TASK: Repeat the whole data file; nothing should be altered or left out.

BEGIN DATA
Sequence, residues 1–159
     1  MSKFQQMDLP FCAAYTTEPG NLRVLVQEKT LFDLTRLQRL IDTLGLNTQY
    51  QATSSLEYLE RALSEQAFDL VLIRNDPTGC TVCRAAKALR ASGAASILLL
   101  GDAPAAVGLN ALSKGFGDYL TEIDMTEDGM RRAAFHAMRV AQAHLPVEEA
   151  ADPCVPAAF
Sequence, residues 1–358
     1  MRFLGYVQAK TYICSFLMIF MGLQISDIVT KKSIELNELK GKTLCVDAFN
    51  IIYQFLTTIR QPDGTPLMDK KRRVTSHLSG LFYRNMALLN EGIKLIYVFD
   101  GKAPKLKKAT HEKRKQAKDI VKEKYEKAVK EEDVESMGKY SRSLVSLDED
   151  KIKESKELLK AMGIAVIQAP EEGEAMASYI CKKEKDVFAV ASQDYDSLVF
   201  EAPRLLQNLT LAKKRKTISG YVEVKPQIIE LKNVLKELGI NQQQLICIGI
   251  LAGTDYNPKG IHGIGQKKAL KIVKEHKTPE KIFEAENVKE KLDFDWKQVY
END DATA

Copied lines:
Sequence, residues 1–159
     1  MSKFQQMDLP FCAAYTTEPG NLRVLVQEKT LFDLTRLQRL IDTLGLNTQY
    51  QATSSLEYLE RALSEQAFDL VLIRNDPTGC TVCRAAKALR ASGAASILLL
   101  GDAPAAVGLN ALSKGFGDYL TEIDMTEDGM RRAAFHAMRV AQAHLPVEEA
   151  ADPCVPAAF
Sequence, residues 1–358
     1  MRFLGYVQAK TYICSFLMIF MGLQISDIVT KKSIELNELK GKTLCVDAFN
    51  IIYQFLTTIR QPDGTPLMDK KRRVTSHLSG LFYRNMALLN EGIKLIYVFD
   101  GKAPKLKKAT HEKRKQAKDI VKEKYEKAVK EEDVESMGKY SRSLVSLDED
   151  KIKESKELLK AMGIAVIQAP EEGEAMASYI CKKEKDVFAV ASQDYDSLVF
   201  EAPRLLQNLT LAKKRKTISG YVEVKPQIIE LKNVLKELGI NQQQLICIGI
   251  LAGTDYNPKG IHGIGQKKAL KIVKEHKTPE KIFEAENVKE KLDFDWKQVY